I'm home alone tonight blogging away - wife is at a baby shower and son is attending his first rock concert ever with his big brother and friends (Mighty Mighty Bosstones). Last weekend my wife celebrated her 60th a little early with a high tea with her lady friends. I don't think I ever worked so hard on a party to which I wasn't invited, but at least I reaped the benefit of leftovers - lots of yummy finger sandwiches and desserts.
In poetry news, my poem "A Day in July" has just been accepted for next year's issue of US 1 Worksheets. It's their 40th anniversary issue - amazing! Check their link and you will also find my poem from the most recent issue, "Postcard to the Ex". Also, my poem "Careful in the Fog" has just appeared in the new issue of Tilt-a-Whirl.
I've been participating in the Washington Post blog "Style Invitational", moderated by Pat Myers. She runs a weekly humor contest that's a lot of fun, with nutty prizes for the cleverest entries. I finally got an Honorable Mention for my entry in the "Ploy to Annoy" contest, where you had to enter a suggestion for a new way to tick people off. My entry:
"Carry a box of apostrophes with you, so you can insert them around town in correctly punctuated signs. "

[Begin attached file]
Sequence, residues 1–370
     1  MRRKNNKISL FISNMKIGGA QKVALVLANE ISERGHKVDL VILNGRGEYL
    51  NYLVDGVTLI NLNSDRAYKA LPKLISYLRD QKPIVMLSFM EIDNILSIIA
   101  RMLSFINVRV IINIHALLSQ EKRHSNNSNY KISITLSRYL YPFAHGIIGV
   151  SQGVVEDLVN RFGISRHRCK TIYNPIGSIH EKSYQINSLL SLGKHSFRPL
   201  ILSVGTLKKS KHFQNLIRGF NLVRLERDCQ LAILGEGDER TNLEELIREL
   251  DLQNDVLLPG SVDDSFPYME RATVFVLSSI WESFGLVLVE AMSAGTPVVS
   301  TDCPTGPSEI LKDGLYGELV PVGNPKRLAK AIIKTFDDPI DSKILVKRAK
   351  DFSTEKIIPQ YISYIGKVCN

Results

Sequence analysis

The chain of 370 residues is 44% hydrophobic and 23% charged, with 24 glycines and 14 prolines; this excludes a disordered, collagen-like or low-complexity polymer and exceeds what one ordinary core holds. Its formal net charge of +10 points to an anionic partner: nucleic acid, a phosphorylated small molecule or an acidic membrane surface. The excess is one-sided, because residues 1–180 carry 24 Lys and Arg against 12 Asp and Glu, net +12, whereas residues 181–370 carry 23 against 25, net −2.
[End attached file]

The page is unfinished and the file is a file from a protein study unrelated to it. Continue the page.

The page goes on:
Music: WXPN-FM is soliciting entries in their annual music countdown. This year's theme is "885 Greatest Rock Songs of All Time". Just try to come up with only ten favorites - I dare you. It's a lot harder than it sounds. I also have been grappling with how to define "rock" here: Should I include rock-n-roll like Chuck Berry? Folk-rock like Fairport Convention? Pop-rock like the Beatles? And how much should I balance the "classics" with more contemporary songs that I love that may not yet be considered classics? It's a tough list, and i have a tentative top 10, but it changes every time I look at it again. I'll have something final by next blog.
Poem: Here's one that won 3rd place in the "Nonet Challenge" on Robert Brewer's Poetic Asides blog last week. If you don't know, a nonet is a very simple poetic form: nine syllables in the first line, eight in the second, etc., till the last line of just one syllable. I took the shape such a poem creates and made a concrete poem of sorts:
Pythagoras gave us all the rules:
the formula works every time.
A squared + B squared =
C squared. Hypotenuse,
the long sloping side,
connects it all.